As thousands gather in Cardiff for the start of Europe's biggest youth festival, the author of a report on the future of the dance, typified by clogs and crinoline skirts, admitted it had an "image problem".
Dr Prydwen Elfed-Owens called for more funding and a development officer to raise the profile of the dance, which is a statutory part of the national curriculum in Wales.
And a champion folk dancer, who will compete in next week's Urdd Eisteddfod, said younger judges and a more contemporary style are needed in competitions to widen its popularity. A-level student Lowri Walton won the individual folk dancing competition for 15 to 25-year-olds at last year's festival and went on to compete for the coveted Bryn Terfel scholarship.
The 17-year-old, from Ysgol Gyfun Gymraeg Plasmawr, Cardiff, said: "Welsh folk dancing is just not cool.
"I am really passionate about promoting the dance and giving it a wider appeal, but we need to make it more contemporary."
In a report to the Welsh Assembly, Dr Elfed-Owens, chair of the Welsh Folk Dance Society, said schoolchildren were averse to folk-dancing lessons. She also said some teachers did not have the confidence or expertise to give lessons, and boys were particularly against taking part.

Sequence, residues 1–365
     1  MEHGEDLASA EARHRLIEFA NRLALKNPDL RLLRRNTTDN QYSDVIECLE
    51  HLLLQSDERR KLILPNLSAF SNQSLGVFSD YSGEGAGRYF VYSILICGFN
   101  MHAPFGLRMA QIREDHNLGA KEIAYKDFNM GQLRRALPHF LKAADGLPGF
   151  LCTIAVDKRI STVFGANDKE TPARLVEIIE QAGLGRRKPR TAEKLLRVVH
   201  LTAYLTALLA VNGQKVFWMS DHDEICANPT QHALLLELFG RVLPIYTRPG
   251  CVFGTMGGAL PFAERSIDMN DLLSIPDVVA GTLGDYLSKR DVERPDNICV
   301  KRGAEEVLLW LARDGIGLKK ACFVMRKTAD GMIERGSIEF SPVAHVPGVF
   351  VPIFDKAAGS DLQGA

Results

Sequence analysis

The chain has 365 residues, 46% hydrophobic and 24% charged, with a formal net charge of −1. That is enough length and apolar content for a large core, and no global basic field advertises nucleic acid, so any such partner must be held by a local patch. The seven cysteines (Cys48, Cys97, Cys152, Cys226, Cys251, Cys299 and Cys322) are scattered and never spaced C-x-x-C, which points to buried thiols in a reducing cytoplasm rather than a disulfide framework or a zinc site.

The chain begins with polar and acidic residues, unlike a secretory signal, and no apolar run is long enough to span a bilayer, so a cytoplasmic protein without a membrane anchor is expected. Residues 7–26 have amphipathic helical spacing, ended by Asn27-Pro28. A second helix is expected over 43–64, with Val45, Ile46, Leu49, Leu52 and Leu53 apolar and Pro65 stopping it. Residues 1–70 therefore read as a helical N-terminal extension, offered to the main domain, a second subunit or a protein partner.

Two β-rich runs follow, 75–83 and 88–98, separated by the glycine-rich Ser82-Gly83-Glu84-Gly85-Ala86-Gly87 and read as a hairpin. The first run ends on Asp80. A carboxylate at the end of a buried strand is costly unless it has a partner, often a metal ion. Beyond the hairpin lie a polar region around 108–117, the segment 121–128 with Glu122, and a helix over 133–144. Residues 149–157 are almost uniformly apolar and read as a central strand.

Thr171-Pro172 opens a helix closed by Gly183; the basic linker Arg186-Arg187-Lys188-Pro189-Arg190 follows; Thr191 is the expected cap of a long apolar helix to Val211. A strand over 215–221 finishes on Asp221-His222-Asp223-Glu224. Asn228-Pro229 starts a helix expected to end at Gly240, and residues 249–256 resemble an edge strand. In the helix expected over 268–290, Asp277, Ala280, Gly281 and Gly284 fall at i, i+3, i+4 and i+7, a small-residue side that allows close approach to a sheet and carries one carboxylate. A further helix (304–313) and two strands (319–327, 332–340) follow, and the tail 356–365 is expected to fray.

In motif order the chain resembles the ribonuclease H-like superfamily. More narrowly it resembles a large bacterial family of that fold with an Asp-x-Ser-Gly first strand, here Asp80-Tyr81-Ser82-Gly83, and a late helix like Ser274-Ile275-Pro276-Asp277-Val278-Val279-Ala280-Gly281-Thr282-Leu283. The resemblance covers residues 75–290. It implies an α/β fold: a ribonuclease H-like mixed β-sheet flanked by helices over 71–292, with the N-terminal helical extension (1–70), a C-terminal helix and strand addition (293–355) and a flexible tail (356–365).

She quoted a report in a Canadian newspaper which described Welsh folk dancing as the "epitome of uncool". It said: "Clogging or tapping has been dogged by an image problem for decades - poufy crinoline skirts, bluegrass music and barnyard dances in hee-haw style."
Dr Elfed-Owens said a national framework for training and professional development, and a development officer were needed to educate children about the importance of the dance to Welsh heritage.
She said: "There is a debate over whether the dance should move away from the traditional. My role is to keep the tradition alive while finding a way forward."
But Eisteddfod organisers hit back at criticism this week, saying the event had moved forward.
Glyn T Jones, chair of the Urdd's folk dance committee, said: "The Urdd welcomes the fact that folk dancing has been developed over the past few years.
"This revolution now sees a new generation of talented dancers, most of whom are still young enough to compete. In fact, over the years, the Urdd has produced younger adjudicators and this practice continues."
The Welsh Folk Dance Society, which received pound;7,080 from the Assembly in 2004-5, was only invited to take part in an Assembly consultation on dance after Dr Elfed-Owens contacted officials.
She said: "I am now hopeful the Assembly will make moves to recognise the society and our work - up to now we were invisible."
Gavin Moulsdale, nine, reckons Welsh folk dancing is "tidy" and is taking part in the Eisteddfod folk-dancing competition with a team of dancers from Ysgol Gymraeg Ynyswen in Treorchy, Rhondda Cynon Taf.
He said: "Not a lot of boys like it but I like to be different."
His teacher, Sonia Marsland, said: "It is difficult to get boys involved but we do have a lot of pupils talking part in an after-school class."
Alan Pugh, Assembly minister for culture, Welsh language and sport, said:
"The WFDS does some excellent work. There is a general problem with boys engaging with dance, including folk dancing."